The semester before you go on co-op, NUCareers will probably become a staple tab, always opened on your computer. NUCareers is a database created by Northeastern and lists all available co-op positions. Before you get access to NUCareers, your Co-op Advisor will most likely meet with you one on one to discuss and approve your resume. I personally found this meeting extremely helpful, as she was able to give me insight into what employers are looking for and how to best position myself. Once my resume was approved, I was able to start applying, which was both daunting and very exciting.
The application process differs depending on the job and company. The type of jobs you are applying for might also have different protocols. Some jobs require just a resume, while others might also need a cover letter. Some jobs conduct in person interviews, while others do video or phone interviews. Regardless, your co-op advisor is an expert on all these nuances and is there to answer whatever questions you might have during the process.
In my experience, most of my interviews had pretty similar formatting. All of them consisted of a few members of the team interviewing me together. I felt prepared during my interviews as I came with multiple copies of my resume and had prepared questions I wanted to ask the employers. Although I was extremely nervous at the beginning of each of my interviews, because of co-op class I felt much more prepared and had an idea of what to expect.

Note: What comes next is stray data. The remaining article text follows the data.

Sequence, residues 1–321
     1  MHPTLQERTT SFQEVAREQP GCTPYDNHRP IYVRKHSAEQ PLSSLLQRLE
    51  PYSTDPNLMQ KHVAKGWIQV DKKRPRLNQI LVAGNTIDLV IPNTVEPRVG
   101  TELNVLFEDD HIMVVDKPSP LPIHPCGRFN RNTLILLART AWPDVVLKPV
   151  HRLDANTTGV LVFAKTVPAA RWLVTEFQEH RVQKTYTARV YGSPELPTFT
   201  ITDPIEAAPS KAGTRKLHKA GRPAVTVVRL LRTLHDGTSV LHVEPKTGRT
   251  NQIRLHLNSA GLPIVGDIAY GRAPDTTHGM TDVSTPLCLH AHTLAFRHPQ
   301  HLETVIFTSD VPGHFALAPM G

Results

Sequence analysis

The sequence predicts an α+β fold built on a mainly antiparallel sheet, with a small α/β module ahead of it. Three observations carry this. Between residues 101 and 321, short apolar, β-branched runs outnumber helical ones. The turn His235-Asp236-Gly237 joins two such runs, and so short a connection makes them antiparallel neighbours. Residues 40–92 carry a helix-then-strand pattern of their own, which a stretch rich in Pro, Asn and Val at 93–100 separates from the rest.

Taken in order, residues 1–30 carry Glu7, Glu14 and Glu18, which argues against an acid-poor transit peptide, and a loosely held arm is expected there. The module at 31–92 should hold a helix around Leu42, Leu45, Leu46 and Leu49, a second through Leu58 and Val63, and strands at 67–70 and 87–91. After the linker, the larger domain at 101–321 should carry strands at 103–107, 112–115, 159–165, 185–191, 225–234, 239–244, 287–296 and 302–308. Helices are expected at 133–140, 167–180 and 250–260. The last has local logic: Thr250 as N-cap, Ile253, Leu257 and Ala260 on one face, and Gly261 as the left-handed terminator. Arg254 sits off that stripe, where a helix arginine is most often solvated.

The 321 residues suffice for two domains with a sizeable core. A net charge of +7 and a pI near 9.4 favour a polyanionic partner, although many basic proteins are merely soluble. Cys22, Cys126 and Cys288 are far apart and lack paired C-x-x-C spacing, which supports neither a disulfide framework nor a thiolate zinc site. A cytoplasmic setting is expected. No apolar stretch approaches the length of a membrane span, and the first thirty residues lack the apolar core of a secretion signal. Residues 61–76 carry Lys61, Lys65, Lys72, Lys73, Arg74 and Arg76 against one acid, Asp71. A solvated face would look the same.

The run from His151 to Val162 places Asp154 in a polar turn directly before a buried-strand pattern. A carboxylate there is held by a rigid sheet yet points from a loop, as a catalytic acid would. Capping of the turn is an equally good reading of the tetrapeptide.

While I was applying to and interviewing for co-ops on my own time, during co-op class we did activities to prepare us and listened to different speakers that would benefit us during our co-op search. For example, one day we did mock interviews to work on our interview and conversation skills. We also reflected on our strengths and weaknesses, to be able to best discuss those with employers. In terms of speakers, my advisor brought in different employers and upperclassmen, who had previously gone on co-ops, to share their experiences with us. It was interesting to hear about the hiring process from employers and get the chance to ask them questions. It was also beneficial to hear from upperclassmen and hear first hand accounts of what co-op is like.
Although the co-op search can appear overwhelming, Northeastern simplifies the job search process through advisors, your co-op class, and NUCareers to ensure that their students are able to gain experiential learning outside of the classroom.